What You Can Do Even if You Can’t March for Science on Earth Day

Safe to say, some people are not having a good day today. We’re speaking of those people who reject science, and climate science in particular, and since we can’t off-planet (because hint, hint: there is no Planet B) these people we need to offset their presence:

Tom Nelson, who posted this, says “Climate change is the religion of people who think they’re too smart for religion.” Well, one can imagine atheists will have a lot to say about that. But religion isn’t about “smarts” but about “belief.” There are plenty of scientists who are also religious just like there are plenty of people like Mike Pence, who don’t “believe” in climate change but believe in Noah’s Ark.

So yes, by all means, let’s talk about smarts, Tom. We SO need to talk.

Tom’s hashtag didn’t catch on, but there are plenty who feel the way he does. The best answer to people like Tom is to do something to change the world, and there is something all of us can do even if we can’t be marching today. I can’t be marching today. I’m writing. But I’m drinking out of an NDK vacuum bottle instead of a disposable plastic bottle.

Sign petitions, write letters to the editor and just plain try to reduce your carbon footprint. As Carbon Fund puts it, “Reduce What You Can, Offset What You Can’t.” That includes just driving better:

You could save more than a ton of CO2 per year by:

– Accelerating slowly and smoothly
– Driving the speed limit
– Maintaining a steady speed
– Anticipating your stops and starts

If you’re walking or riding a bike (as I once did to work) or using mass transit, you are already helping.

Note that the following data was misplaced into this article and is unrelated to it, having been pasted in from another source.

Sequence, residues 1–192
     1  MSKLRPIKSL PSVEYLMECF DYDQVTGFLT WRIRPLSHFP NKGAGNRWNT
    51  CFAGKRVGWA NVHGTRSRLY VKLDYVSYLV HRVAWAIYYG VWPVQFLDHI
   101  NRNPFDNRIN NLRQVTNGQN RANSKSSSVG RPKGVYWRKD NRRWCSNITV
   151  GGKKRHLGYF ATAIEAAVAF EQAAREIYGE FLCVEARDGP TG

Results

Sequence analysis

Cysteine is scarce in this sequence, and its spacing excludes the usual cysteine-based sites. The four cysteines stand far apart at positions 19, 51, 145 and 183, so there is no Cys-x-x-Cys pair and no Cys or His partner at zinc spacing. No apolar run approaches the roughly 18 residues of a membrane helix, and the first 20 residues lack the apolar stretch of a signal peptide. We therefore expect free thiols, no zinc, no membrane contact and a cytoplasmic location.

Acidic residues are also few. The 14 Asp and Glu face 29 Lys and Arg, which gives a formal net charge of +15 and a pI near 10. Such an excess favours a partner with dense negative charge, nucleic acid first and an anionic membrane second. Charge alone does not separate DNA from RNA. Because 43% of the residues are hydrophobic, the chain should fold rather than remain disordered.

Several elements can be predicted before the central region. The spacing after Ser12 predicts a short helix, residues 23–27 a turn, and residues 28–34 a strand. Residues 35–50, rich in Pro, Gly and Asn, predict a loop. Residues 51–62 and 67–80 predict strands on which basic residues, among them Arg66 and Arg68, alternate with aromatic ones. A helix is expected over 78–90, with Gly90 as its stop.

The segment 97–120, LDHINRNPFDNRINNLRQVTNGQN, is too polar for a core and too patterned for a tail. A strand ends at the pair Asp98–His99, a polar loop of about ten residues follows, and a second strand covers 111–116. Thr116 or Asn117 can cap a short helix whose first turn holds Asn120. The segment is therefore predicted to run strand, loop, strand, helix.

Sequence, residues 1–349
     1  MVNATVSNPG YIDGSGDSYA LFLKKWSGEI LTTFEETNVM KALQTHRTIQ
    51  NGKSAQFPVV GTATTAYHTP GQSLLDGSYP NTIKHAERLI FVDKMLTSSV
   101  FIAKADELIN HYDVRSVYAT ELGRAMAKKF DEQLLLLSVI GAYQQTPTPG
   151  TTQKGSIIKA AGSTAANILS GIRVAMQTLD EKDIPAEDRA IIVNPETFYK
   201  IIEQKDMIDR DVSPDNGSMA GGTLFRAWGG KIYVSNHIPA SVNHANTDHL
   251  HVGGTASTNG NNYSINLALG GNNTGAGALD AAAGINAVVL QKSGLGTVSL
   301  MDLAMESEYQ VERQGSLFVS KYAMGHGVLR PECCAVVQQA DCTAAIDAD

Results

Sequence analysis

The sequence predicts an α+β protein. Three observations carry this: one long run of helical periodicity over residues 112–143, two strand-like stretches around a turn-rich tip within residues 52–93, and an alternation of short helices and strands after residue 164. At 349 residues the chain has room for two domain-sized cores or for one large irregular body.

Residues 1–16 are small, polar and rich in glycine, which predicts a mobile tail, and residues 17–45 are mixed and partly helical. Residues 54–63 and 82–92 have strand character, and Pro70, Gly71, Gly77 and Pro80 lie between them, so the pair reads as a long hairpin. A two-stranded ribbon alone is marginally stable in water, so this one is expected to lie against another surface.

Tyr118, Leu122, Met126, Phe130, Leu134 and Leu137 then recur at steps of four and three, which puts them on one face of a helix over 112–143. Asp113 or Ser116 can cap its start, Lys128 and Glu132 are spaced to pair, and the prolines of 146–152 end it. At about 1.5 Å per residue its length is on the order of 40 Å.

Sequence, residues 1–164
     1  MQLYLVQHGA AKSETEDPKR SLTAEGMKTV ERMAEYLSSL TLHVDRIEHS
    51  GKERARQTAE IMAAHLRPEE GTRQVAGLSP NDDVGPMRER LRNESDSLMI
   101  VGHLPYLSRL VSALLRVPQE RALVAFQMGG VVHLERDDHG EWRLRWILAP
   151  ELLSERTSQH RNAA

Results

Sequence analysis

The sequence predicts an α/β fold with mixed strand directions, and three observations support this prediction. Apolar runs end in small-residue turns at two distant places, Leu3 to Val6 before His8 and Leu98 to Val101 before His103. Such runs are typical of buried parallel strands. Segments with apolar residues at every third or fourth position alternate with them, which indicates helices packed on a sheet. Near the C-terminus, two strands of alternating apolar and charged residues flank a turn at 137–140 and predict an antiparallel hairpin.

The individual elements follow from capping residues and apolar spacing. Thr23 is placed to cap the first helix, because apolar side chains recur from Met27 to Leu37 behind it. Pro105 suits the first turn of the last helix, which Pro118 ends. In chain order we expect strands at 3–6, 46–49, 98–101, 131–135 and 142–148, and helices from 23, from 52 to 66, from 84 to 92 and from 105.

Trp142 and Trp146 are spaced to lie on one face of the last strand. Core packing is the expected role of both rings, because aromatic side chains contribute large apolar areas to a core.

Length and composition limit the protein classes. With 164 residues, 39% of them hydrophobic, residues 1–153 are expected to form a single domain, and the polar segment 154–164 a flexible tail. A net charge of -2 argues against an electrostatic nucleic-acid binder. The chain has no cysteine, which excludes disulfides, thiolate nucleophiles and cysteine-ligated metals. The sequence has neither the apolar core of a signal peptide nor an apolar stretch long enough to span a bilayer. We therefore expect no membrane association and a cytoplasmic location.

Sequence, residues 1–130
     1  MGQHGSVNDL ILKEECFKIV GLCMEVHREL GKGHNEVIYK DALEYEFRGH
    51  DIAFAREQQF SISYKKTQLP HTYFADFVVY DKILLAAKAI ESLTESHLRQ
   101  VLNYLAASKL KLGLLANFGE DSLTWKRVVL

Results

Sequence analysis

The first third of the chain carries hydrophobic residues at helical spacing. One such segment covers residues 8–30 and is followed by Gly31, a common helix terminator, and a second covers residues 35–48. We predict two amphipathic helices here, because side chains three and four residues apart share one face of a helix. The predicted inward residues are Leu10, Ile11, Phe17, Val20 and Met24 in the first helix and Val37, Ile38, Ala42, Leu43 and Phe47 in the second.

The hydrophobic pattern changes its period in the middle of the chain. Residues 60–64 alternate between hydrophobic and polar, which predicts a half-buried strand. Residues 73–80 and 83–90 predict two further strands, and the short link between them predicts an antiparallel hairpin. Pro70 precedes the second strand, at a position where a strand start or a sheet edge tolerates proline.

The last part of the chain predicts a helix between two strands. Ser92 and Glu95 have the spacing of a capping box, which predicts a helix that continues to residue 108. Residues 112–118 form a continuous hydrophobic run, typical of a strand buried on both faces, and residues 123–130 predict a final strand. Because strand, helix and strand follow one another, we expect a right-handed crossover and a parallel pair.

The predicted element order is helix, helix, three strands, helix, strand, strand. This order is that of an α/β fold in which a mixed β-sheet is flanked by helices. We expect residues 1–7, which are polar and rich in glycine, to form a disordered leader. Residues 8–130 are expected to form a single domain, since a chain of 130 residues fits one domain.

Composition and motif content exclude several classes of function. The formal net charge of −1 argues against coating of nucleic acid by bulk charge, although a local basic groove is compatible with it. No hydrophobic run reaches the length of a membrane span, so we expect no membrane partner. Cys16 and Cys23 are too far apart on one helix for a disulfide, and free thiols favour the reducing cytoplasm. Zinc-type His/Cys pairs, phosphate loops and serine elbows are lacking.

Make no mistake, however: there are a lot of Toms up against you and the fight for our environment is an uphill battle and Donald Trump in the White House has only added to our burden.

The editors of New Jersey’s Star-Ledger write in honor of Earth Day that “Climate denialist Trump should just rename it ‘Scorched Earth Day.'”

He was completely silent on the subject instead, and the editors make the point that to ignore Earth Day “is to surrender to an ideology that has turned mere environmental indifference into a moral nihilism.”

The Republican Party has been partial to moral nihilism for some time now, many of us would argue, and not just on climate change. Look at their approach to health care and caring for refugees and the homeless and unemployed. It’s endemic and has been for some time.

The Union of Concerned Scientists addresses the disinformation playbook and some of the major “skeptic organizations” combating environmentalists with money provided by the fossil fuel industry. If you visit, you can also tell Trump you support science.

It is true also, as EarthDay.org tells us that the rot is deep: we have “Climate change deniers, well-funded oil lobbyists, reticent politicians, a disinterested public, and a divided environmental community.”

Vance Lehmkuhl, writing at Huffington Post makes the point that “even among the environmentally serious, there’s a split between those who acknowledge scientific, quantifiable facts and those who go for, well, ear-plugging accompanied by magical and/or wishful thinking.”

We don’t have to be fanatical vegans, however, to combat climate change. There are things everybody can do, from the better driving mentioned above to recycling to rejecting plastic bags and disposable plastic water bottles.

You can drive an environmentally-friendly car, if not electric, then flex-fuel or just one with improved gas mileage. I got rid of my SUV for a subcompact that gets 28 mpg instead of 12.

It is a battle all of us can fight. If you need a place to start, try texting “Resist” to 877-877 (Greenpeace). This will guide you to an online volunteer hub.

And that’s the key. Even if we can’t march today, there are things all of us can do. We can all contribute. Offset yourself, and while you’re at it, one of the Tom’s of the world, because damn sure he won’t do it himself. He’s too busy thinking he’s clever.

We can’t afford the Tom’s of this world. We can’t afford moral ambivalence, or worse, moral nihilism.

Photo: Earth Day Network